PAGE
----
Brunch at Balthazar is both an impossibility and a must for anyone who wishes to experience New York at its best.
It’s crowded. It’s noisy. It tries your patience. The wait for a table is often longer than it’ll take you to order and eat, which seems rather upside down.
Service can be slapdash. And the food – some of it’s good, some of it’s great. My chicken paillard was good, saved by sheets of shaved Parmesan; a buttery cloud of scrambled eggs in a puff pastry hat was great. My friend’s grilled brook trout was good; the caramelized banana tart was great (I’ve read the recipe in the Balthazar Cookbook a million times, yet have never made it). And so was the bread, which deserves and enjoys its own outlet next door at Balthazar Boulangerie, where the line can be just as long.
But you really wouldn’t want it any other way. In Balthazar, wizard restaurateur Keith McNally has created the quintessential Parisian brasserie. Though it opened in 1997, the restaurant has managed to paint itself into New York’s SoHo neighborhood as if it was there before anything else.
I never wrote about my brunch at Balthazar in March of 2009.
That meal was recently recalled to me by one of the friends with whom I ate there, the man with the smelly jar. Memories of that meal sent me digging through my files to retrieve this twenty-ninth photo of the week.
I give you Balthazar, a slice of New York.
4 replies on “photo of the week 29: quintessential brasserie…”
I like it here too ;)
Balthazar truly is the quintessential Parisian brasserie. Have you cooked anything out of the cookbook? BTW what is that beautiful green mousse looking item in the picture above. Like an avocado mousse or even a cheese some sort.
Great work, RD
What are your thoughts on brunch overall? After reading Sam Sifton’s little rant about its shortcomings (http://nyti.ms/cjp9Sm), I find myself still to be a fan… What better way could there be to start a day of leisure, such as my upcoming Martin Luther King, Jr. holiday?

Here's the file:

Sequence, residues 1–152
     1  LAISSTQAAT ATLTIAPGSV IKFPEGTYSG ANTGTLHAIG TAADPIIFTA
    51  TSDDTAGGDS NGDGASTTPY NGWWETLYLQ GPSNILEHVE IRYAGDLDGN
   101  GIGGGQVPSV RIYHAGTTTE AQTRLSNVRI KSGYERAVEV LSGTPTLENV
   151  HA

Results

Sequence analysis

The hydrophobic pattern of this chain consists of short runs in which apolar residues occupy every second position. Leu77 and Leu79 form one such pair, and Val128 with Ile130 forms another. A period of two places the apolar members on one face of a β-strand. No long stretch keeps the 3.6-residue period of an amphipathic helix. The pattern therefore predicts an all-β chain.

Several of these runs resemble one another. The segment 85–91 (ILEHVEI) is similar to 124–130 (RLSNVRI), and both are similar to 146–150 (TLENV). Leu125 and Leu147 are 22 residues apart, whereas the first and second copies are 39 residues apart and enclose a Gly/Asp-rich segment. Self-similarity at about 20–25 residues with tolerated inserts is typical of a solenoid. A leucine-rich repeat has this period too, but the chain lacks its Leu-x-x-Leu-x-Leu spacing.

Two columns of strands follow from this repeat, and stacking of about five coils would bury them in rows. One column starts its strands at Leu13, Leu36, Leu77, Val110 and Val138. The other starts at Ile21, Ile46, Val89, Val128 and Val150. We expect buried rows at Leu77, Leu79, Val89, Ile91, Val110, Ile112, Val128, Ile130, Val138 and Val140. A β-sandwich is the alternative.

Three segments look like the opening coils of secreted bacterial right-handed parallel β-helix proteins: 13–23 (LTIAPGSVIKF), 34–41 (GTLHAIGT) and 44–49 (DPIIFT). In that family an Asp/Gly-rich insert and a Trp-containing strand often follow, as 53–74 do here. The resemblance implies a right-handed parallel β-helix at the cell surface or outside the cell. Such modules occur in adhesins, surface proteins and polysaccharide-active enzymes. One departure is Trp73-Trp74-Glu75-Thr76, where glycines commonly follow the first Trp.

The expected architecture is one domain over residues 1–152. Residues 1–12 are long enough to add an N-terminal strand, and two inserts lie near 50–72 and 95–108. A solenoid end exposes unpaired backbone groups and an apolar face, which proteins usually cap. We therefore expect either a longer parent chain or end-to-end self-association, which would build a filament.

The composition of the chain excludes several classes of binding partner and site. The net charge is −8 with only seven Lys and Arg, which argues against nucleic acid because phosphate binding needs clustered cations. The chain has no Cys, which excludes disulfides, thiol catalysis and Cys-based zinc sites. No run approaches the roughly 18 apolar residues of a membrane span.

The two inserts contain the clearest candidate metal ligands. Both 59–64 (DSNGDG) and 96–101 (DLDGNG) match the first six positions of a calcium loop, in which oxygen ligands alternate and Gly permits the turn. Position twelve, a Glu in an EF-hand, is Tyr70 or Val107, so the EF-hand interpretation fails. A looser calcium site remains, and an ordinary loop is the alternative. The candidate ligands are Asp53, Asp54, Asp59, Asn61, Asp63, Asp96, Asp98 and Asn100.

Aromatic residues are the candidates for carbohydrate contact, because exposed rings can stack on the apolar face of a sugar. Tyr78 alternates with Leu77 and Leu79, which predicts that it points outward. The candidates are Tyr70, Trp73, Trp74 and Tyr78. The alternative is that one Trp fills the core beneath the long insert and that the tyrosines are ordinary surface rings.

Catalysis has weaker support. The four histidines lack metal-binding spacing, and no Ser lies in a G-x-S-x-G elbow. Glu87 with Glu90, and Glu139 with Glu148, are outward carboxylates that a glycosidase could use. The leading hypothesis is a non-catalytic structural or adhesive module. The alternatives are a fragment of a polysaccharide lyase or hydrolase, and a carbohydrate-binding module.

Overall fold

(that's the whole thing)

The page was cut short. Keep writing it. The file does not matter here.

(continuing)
I love Balthazar. First time I went (2002), I waited 3 1/2 hr. for table. Hosts at dinning room side were rude and dressed all in black. Because I carried luggage and dressed very casual (got off the bus). I called if there is any dress code or reservation needed. They said no need. We showed up and waited patiently in bar area and caught up with my cousin, there was a really tall, pleasant, and super beautiful host dressed in white who was so polite and attentive. She offered us drinks while we waited and insisted to buy us appetizers when we sat down. We turned down politely. She got us desserts at the end because it was my cousin’s birthday and it was our first time there. She also checked back on us every course of the meal we had. I went to a dining room manager at the end of the night, handed him my business card and told him in front of all the hosts that they were all terrible attitude and I would fire them if I ran that place. I told all of them to look at beautiful host in white dress vs them in black/miserable looking and “I hate my job” attitude. I told that manager our meal was pleasant and she was a keeper. He wrote me a letter with gift certificate which I told him at that time I did not expect anything in return. I gave certificate to one of my server’s BD. I went back a few weeks after, didn’t see any of those miserable hosts but our angel like host. She remembered my first name as well as my ex girlfriend’s nickname. We gave her a hug and invited her to come to the Inn I managed. I have a special place in my heart for this brasserie because of that wonderful hostess.